The UN is to charge 114 Sri Lankan soldiers who were on peace-keeping missions with sexual exploitation and abuse against children, the Sunday Times reported last week.
The UN's Office of Internal Oversight Services (OIOS) says it is assisting in the pending legal proceedings initiated by the Sri Lankan Government, to ensure that all military members found guilty, according to Sri Lankan law, ‘are held accountable for their actions.’
The UN says charges should include rape - because it involves children under 18 years of age - which constitutes a ‘war crime’ in the context of military conflicts.
After an investigation into pending charges against Sri Lankan troops in Haiti, the OIOS has concluded that “acts of sexual exploitation and abuse (against children) were frequent and occurred usually at night, and at virtually every location where the contingent personnel were deployed,” the paper said.
“In exchange for sex, the children received small amounts of money, food, and sometimes mobile phones,” says the OIOS, the UN's investigative arm.
At the time of the initial allegation last November, Sri Lankan president Mahinda Rajapaksa asserted, when commenting on the Sri Lankan armed forces and their peace keeping missions, that, “I respect them profoundly and consider them as the most disciplined Forces in the world. They have not killed or raped anybody.”
The charges of sexual exploitation have been made against 114 members of the Sri Lankan armed forces who were serving as peacekeepers in the UN Stabilization Mission in Haiti (MINUSTAH).
They were part of a larger 950-member Sri Lankan contingent in the politically-troubled Caribbean nation.
Virtually all of the 114 troops were repatriated last November on ‘disciplinary grounds’.
The repatriation, described as one of the biggest single withdrawals of soldiers from a UN peacekeeping mission, was done in close cooperation with the Sri Lankan Government.
Three officers, a Lt. Colonel and two Majors who were Company Commanders, were withdrawn for failure to exercise command responsibilities in accordance with military norms and standards.
The UN may also seek the assistance of the Sri Lankan government to help provide compensation to victims of the crime.
The UN said the actions Colombo takes against them would also determine whether the UN will deploy Sri Lankan soldiers in future peacekeeping operations, the Sunday Times reported when the troops were ejected from Haiti.
A UN source told the paper that the Department of Peacekeeping Operations would monitor what action the government proposed to take against the soldiers.
"If they are found guilty, they should be punished for their crimes under the criminal justice system in the country," he said.
The UN would be very unhappy, he said, if only administrative and disciplinary actions were taken against the soldiers.
Sri Lankan military Spokesman Udaya Nanayakkara said “Investigations are still going on. Our team is also looking into it. If they are found guilty they will be punished accordingly,”
In 2001, the year before a ceasefire ended the fighting, Amnesty International said it “has noted a marked rise in allegations of rape by [Sri Lankan] police, army and navy personnel.”
“Among the victims of rape by the security forces are many internally displaced women, women who admit being or having been members of the LTTE and female relatives of members or suspected male members of the LTTE,” Amnesty said.
“Reports of rape in custody concern children as young as 14,” Amnesty also said.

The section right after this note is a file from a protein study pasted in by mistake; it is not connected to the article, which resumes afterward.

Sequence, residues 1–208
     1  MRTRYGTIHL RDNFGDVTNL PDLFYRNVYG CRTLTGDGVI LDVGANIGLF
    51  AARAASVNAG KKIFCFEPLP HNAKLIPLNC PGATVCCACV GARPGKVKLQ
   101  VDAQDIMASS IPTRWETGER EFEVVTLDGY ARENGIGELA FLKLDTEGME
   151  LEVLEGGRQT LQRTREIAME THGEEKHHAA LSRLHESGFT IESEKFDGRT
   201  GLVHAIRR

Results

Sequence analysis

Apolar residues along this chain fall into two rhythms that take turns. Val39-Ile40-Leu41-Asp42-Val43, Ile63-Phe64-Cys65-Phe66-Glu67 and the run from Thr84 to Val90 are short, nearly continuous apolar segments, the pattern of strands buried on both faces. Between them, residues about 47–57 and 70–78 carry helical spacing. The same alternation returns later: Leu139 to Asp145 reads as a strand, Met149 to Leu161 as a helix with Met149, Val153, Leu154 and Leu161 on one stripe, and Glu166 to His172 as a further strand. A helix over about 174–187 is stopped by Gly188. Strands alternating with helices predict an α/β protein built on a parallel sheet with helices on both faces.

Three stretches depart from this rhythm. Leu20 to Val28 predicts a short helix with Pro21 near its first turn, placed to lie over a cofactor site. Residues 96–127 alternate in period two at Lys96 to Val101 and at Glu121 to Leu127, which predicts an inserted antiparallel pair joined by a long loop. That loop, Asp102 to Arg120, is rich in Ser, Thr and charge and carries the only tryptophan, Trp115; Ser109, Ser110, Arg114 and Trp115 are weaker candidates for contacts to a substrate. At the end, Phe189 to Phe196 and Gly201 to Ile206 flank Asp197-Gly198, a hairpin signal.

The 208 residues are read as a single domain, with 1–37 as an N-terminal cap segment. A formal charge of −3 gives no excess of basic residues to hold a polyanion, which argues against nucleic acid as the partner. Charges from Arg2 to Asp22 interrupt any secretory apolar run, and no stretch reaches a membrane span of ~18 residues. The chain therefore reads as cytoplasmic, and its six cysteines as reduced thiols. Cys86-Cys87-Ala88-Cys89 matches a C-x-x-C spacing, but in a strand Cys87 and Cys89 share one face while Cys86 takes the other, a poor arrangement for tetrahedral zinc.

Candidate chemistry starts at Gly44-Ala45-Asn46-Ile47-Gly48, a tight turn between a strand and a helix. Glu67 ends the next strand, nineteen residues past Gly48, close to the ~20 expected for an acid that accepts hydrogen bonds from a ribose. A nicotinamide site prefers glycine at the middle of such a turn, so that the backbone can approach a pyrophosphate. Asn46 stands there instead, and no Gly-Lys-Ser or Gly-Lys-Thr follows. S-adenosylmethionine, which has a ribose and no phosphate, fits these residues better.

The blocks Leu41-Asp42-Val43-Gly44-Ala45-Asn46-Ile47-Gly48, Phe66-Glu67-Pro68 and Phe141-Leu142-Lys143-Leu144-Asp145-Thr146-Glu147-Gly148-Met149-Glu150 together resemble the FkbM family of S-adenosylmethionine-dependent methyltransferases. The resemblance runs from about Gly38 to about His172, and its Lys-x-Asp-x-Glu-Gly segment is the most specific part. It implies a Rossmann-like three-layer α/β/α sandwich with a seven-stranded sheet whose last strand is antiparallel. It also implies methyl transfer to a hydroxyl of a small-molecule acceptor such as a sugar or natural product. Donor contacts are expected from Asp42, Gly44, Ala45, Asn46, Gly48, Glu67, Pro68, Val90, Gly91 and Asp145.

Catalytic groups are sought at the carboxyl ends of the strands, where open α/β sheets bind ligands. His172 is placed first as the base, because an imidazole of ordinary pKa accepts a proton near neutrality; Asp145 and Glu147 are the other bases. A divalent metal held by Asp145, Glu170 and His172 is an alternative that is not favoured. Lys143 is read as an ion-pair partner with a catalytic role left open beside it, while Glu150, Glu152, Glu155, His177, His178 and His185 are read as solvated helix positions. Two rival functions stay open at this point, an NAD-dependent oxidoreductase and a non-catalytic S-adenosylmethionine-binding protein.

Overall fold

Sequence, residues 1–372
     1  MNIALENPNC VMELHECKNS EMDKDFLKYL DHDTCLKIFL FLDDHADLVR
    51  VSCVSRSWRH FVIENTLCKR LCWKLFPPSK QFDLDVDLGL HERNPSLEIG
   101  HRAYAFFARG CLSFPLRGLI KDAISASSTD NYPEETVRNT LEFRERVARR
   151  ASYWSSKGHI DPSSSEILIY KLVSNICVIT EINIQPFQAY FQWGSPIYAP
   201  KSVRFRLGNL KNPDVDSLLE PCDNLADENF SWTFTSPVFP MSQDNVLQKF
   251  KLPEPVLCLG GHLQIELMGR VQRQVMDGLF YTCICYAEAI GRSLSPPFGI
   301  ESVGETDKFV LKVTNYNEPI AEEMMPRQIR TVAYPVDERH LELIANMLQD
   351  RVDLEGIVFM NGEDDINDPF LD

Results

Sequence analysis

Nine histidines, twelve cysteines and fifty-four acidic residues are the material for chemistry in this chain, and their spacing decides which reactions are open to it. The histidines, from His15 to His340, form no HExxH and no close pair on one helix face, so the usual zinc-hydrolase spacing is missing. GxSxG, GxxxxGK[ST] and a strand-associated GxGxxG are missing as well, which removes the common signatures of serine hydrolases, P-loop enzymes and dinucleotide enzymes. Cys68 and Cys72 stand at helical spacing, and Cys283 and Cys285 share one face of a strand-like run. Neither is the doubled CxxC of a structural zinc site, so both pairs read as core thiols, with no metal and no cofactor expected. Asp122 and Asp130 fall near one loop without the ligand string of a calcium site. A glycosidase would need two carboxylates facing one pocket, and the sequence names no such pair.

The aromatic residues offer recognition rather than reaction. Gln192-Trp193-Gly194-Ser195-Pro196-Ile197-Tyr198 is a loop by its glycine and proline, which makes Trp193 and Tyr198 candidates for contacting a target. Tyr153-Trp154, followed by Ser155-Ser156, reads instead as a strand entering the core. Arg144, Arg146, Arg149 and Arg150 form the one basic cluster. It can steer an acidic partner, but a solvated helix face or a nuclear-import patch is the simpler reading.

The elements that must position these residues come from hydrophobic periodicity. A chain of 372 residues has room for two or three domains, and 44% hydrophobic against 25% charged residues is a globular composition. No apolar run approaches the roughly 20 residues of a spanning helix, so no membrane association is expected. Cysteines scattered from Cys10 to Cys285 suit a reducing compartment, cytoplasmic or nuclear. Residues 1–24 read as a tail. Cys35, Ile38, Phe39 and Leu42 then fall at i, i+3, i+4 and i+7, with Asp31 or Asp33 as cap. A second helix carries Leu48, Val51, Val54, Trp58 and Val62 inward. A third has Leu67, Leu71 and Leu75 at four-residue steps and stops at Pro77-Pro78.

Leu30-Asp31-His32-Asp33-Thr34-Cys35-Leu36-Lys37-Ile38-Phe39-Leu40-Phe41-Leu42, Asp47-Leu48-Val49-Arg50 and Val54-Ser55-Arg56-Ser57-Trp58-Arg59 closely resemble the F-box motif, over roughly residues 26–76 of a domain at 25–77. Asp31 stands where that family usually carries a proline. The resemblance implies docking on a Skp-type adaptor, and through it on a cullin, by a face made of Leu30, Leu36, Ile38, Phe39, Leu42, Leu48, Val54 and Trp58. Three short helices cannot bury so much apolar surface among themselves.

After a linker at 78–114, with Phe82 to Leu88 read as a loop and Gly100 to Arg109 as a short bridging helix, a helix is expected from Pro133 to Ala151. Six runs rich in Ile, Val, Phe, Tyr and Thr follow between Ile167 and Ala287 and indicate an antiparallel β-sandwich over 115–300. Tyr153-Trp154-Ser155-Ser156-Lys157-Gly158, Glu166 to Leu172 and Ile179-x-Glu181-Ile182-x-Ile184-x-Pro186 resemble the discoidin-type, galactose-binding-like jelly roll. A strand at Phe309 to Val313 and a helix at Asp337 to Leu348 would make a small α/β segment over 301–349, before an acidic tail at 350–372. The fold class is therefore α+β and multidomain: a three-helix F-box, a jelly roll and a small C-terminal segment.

Amnesty said “to [our] knowledge, not a single member of the Sri Lankan security forces has been brought to trial in connection to incidents of rape in custody although one successful prosecution has been brought in a case where the victim of rape was also murdered.”
Also in 2001, Amnesty wrote to then Sri Lankan President Chandrika Kumaratunga, “urging her to take action to stop rape by security forces andbring perpetrators to justice” in response to reports of rape by security forces “in Mannar,Batticaloa,Negombo and Jaffna.”
“To date, no response has been received to the appeal,” Amnesty later said in a special report titled “Sri Lanka: Rape in Custody” which was published in January 2002, just as the Norwegian brokered Ceasefire Agreement (CFA) came into being.
Earlier, in March 2000, the then United Nations Special Rapporteur on violence against women, Radhika Coomaraswamy, expressed her “grave concern” over the lack of serious investigation into allegations of gang rape and murder of women and girls by the Sri Lankan security forces.
In 2000, the Asian Human Rights Commission (AHRC) protested that “Sri Lankan security forces are using systematic rape and murder of Tamil women to subjugate the Tamil population... Impunity continues to reign as rape is used as a weapon of war in Sri Lanka.”
In its 1999 annual report, Amnesty International, said rape of female detainees was used amongst a range of torture methods.
In a statement to the UN in 1998, the World Organisation against Torture observed: “Sri Lankan soldiers have raped both women and young girls on a massive scale, and often with impunity, since reporting often leads to reprisals against the victims and their families.”
“The consistent policy of rape and violence against Tamil women that we have documented for many years is a fundamental military tactic of the Sri Lankan forces,” International Educational Development, an NGO, also told the UN that year.
Human rights NGOs have frequently protested the impunity Sri Lankan soldiers enjoy regarding rapes and other abuses.
“Only one of the thousands of rapes which have been reported, has resulted in a conviction,” Pax Romana said.
“There also seems to be little point to expect justice on the basis of the constitution since the constitution itself provides the mechanisms and justifications for the commission of these war crimes and encourages impunity.”